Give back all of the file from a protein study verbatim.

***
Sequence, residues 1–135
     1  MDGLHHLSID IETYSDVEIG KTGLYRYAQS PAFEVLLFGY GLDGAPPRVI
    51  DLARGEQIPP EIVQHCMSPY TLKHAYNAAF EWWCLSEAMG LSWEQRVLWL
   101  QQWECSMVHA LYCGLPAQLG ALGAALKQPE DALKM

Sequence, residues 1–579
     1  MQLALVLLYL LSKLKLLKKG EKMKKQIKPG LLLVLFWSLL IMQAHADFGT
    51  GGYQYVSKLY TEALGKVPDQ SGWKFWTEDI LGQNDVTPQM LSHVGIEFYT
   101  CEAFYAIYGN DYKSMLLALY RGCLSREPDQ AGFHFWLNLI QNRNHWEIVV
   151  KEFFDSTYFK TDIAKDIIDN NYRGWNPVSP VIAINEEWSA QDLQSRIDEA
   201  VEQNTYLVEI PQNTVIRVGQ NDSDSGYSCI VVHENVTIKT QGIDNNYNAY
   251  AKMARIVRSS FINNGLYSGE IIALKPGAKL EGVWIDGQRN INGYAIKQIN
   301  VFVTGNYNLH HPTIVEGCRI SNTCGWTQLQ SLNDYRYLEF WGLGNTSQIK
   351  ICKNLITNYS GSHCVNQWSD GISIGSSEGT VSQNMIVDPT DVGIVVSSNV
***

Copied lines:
Sequence, residues 1–135
     1  MDGLHHLSID IETYSDVEIG KTGLYRYAQS PAFEVLLFGY GLDGAPPRVI
    51  DLARGEQIPP EIVQHCMSPY TLKHAYNAAF EWWCLSEAMG LSWEQRVLWL
   101  QQWECSMVHA LYCGLPAQLG ALGAALKQPE DALKM

Sequence, residues 1–579
     1  MQLALVLLYL LSKLKLLKKG EKMKKQIKPG LLLVLFWSLL IMQAHADFGT
    51  GGYQYVSKLY TEALGKVPDQ SGWKFWTEDI LGQNDVTPQM LSHVGIEFYT
   101  CEAFYAIYGN DYKSMLLALY RGCLSREPDQ AGFHFWLNLI QNRNHWEIVV
   151  KEFFDSTYFK TDIAKDIIDN NYRGWNPVSP VIAINEEWSA QDLQSRIDEA
   201  VEQNTYLVEI PQNTVIRVGQ NDSDSGYSCI VVHENVTIKT QGIDNNYNAY
   251  AKMARIVRSS FINNGLYSGE IIALKPGAKL EGVWIDGQRN INGYAIKQIN
   301  VFVTGNYNLH HPTIVEGCRI SNTCGWTQLQ SLNDYRYLEF WGLGNTSQIK
   351  ICKNLITNYS GSHCVNQWSD GISIGSSEGT VSQNMIVDPT DVGIVVSSNV